Celtic invasion to Buenos Aires
hatchet.job at SPAMvirgin.net
Sat Jun 24 05:55:20 MDT 2000
Gary Maclennan wrote: < As for the Irish Pub bit it is a 'load of shite' as they
say back home. I have only been thrown out of one pub in my whole drinking
career and that was recently here in Brisbane because the Australian bar tender
in an Irish pub could not understand my accent. True! > List members who have
not been to Britain for a bit may not know of the 'Irish Pub' phenomenon. Over
the last five or so years, many ordinary pubs in London and other British cities
have been refurbished as 'Irish Pubs', painted garish colours, covered in junk
and old bottles with Irish labels, stocked with foul brews and generally messed
up. Friends and colleagues of mine from Ireland say they're nothing like Irish
pubs, which (they told me) are either like ordinary British pubs, or bars at the
back of shops (British 'Irish Pubs' are pubs trying to look like shops trying to
look like pubs), and they hate them with an intensity that has to be seen to be
believed. I don't know who started this horrible fashion, but whoever was
responsible for them should not be allowed to go unpunished. Paul F
----- Original Message ----- From: Gary Maclennan To: marxism at lists.panix.com
Sent: Saturday, June 24, 2000 6:43 AM Subject: Re: Celtic invasion to Buenos
Very interesting Lou. I struggled through the Spanish. Gotta get a
I am more than a little sceptical about the tide of Cetlic phenomena that
is spreading world wide. In many ways it is very postmodern in the sense
that the bourgeoise of the entertainment industries have to scour the globe
for new aesthetic phenomena to commodify and market. It is though worth
pointing out the pivotal role of the Irish in literary modernity - Yeats,
Joyce, Beckett etc. Always with the master slave dialectic that underpins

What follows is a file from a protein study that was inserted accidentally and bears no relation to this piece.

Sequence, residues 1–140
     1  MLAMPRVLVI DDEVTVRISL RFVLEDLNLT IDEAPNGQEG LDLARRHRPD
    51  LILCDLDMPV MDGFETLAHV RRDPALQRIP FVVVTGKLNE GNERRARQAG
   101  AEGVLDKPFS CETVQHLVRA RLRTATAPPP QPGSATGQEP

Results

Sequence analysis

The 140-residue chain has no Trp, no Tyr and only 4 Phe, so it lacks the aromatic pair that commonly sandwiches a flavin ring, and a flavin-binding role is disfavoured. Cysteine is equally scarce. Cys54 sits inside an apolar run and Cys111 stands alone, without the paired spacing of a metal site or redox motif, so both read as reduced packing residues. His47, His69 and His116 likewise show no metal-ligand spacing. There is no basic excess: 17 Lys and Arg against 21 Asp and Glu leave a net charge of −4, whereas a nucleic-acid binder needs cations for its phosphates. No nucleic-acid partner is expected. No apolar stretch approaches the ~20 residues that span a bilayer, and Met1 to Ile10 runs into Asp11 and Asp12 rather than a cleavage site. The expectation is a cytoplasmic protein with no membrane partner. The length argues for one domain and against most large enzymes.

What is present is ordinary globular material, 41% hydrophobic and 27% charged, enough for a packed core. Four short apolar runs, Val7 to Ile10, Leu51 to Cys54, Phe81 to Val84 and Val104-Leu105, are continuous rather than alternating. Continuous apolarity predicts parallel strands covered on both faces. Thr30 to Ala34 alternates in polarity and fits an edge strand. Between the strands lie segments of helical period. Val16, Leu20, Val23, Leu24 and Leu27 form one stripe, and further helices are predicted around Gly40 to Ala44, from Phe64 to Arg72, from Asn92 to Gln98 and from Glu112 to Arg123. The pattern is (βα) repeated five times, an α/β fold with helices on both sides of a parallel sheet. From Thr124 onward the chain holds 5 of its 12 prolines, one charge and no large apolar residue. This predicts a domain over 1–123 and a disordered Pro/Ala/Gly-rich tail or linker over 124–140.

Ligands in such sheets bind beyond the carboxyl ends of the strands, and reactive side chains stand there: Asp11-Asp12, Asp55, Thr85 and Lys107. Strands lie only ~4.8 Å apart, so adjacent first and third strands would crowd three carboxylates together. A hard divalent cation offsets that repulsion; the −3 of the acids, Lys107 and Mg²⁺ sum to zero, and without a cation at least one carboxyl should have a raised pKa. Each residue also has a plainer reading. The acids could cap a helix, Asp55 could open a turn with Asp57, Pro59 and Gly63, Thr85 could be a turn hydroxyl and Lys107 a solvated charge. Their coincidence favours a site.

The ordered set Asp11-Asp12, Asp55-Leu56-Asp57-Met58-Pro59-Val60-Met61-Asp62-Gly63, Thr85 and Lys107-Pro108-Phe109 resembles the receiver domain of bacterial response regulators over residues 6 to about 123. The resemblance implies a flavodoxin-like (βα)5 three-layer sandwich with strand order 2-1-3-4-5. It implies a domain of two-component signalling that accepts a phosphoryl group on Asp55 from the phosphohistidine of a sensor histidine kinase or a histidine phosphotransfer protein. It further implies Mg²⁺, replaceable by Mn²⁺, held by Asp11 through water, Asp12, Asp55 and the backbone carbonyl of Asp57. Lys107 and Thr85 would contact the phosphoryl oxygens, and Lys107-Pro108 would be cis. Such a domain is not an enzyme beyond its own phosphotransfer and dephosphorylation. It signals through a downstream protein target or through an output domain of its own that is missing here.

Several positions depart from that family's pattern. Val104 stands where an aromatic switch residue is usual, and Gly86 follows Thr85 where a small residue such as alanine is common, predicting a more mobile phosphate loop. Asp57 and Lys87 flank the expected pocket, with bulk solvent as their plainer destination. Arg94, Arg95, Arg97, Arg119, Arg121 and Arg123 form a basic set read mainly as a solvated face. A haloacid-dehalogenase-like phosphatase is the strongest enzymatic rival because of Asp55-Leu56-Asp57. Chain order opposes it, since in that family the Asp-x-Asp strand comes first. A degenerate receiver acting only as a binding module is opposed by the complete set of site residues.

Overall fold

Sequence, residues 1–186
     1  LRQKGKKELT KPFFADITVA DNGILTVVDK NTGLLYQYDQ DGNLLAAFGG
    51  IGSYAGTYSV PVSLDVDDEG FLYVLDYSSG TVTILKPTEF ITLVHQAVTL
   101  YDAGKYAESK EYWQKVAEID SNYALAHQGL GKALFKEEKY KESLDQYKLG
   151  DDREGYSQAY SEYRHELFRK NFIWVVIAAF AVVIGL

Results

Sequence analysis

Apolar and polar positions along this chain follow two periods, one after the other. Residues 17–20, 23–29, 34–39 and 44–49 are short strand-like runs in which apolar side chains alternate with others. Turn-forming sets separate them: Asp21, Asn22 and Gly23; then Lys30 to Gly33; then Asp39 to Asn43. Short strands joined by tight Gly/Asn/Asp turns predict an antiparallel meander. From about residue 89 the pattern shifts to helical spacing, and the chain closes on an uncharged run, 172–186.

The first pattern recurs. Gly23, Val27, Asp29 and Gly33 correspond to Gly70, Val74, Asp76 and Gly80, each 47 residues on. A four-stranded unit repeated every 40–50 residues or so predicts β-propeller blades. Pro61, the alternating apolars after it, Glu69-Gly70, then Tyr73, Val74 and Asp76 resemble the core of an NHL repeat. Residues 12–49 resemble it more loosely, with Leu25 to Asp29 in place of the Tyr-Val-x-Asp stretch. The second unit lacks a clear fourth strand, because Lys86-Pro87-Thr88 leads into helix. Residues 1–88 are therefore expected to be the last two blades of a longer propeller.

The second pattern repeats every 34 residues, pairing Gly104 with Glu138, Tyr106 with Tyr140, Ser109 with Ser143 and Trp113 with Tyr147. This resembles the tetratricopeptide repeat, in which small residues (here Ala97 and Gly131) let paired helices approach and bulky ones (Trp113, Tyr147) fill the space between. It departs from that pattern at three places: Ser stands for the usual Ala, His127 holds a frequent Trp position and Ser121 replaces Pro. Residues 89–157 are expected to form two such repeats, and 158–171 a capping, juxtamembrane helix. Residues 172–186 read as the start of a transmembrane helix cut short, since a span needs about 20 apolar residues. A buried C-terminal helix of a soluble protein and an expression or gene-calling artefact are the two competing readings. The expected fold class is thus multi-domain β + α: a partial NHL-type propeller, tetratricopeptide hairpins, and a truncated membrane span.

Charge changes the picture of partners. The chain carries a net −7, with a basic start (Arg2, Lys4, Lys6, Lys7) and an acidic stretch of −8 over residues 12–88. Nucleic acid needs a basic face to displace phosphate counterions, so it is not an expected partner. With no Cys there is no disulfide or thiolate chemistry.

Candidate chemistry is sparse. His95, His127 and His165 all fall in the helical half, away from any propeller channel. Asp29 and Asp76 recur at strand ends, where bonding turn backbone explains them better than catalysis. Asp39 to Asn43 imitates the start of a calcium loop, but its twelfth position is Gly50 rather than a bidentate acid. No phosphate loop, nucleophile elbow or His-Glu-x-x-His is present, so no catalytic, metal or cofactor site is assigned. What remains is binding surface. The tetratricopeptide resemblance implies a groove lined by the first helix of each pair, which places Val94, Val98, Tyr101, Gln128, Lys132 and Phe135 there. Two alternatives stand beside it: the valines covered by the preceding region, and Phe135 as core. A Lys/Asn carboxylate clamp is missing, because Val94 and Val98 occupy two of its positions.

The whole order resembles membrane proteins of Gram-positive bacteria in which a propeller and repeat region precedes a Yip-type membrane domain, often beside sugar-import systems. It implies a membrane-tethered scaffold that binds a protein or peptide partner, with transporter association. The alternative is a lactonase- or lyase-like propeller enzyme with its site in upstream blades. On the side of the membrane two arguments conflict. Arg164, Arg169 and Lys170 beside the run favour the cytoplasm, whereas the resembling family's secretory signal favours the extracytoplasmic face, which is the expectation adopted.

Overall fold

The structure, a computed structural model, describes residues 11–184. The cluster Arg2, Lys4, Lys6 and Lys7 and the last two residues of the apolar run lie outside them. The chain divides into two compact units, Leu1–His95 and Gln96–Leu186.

capitalism creativity comes from the margins.
In Australia the Celtic mania did not take off until the peace process in
Ireland neutralised Anglo resistance here. When I came to Australia in 1975
a tide of Irish jokes arrived. These were the same jokes that British
comedians told British soldiers before they went out on the streets on
Northern Ireland to oppress the Irish. I remember seeing a program where
the English comedian Ken Dodd told a whole string of Irish jokes to British
soldiers dressed in uniform and cradling their guns. I thought then that
the Jews must have had a similar reaction to the Jewish jokes told by
Nazis. So when I got to Australia and heard the same jokes, I suffered
something of a crisis.
However the jokes functioned differently here. In Australia Irish jokes
served to reinforce and celebrate one of the great feats of British
colonialism - the total assimilation of the Irish culture in
Australia. The upshot of the jokes craze was a deepening of the feeling
that to be Irish was to be stupid or mad and that it was a good thing that
Australia had turned her back on the Irish past. Moreover while the IRA
remained a revolutionary danger it was not respectable to be Irish here in
Australia. Not really.
Now it would seem that it is once more the raqe. Yet it is a very fake
phenomenon. In many ways as phony as those Irish songs that Bing Crosby
At 09:48 23/06/00 -0400, you wrote:
> >This is an article from Clarin.
> >Is there in the list someone who can explain this celtic wave in West world?
> >Julio FB
> >Viernes 23 de junio de 2000
>It's hard to say, but along with the dance companies there have been other
>notable expressions of Irish culture and identity in the past few years.
>First among them is the runaway best-seller "Angela's Ashes", which is the
>memoir of Frank McCourt. Angela McCourt was Frank's mother and she had to
>deal with extreme poverty, an alcoholic husband and other obstacles. Frank
>was a high-school teacher up until the book was published. His brother
>Malachy McCourt is an actor who has published his own memoir and the two
>have co-produced an off-broadway revue based on their writings. What's of
>more interest is the fact that both of them are political radicals. Malachy
>had a radio show on NYC's Pacifica station which his brother used to sub
>for him every once in a while. In a delightful brogue, they'd attack racism
>The other important artifact is Thomas Cahill's "How the Irish Saved
>Civilization: The Untold Story of Ireland's Heroic Role from the Fall of
>Rome to the Rise of Medieval Europe" which was also a runaway bestseller.
>Cahill has since written a similar book on the Jews.
>These sorts of expressions seem positive to me, because the Irish have
>functioned in many ways as a bastion of reaction since the Civil War. They
>were co-opted by the ruling class as a reservoir of racism against blacks.
>The irony of the "niggers of Europe" willingly being used to keep blacks
>out of construction jobs or white neighborhoods has been extensively
>analyzed by scholars such as David Roediger and Theodore Allen.
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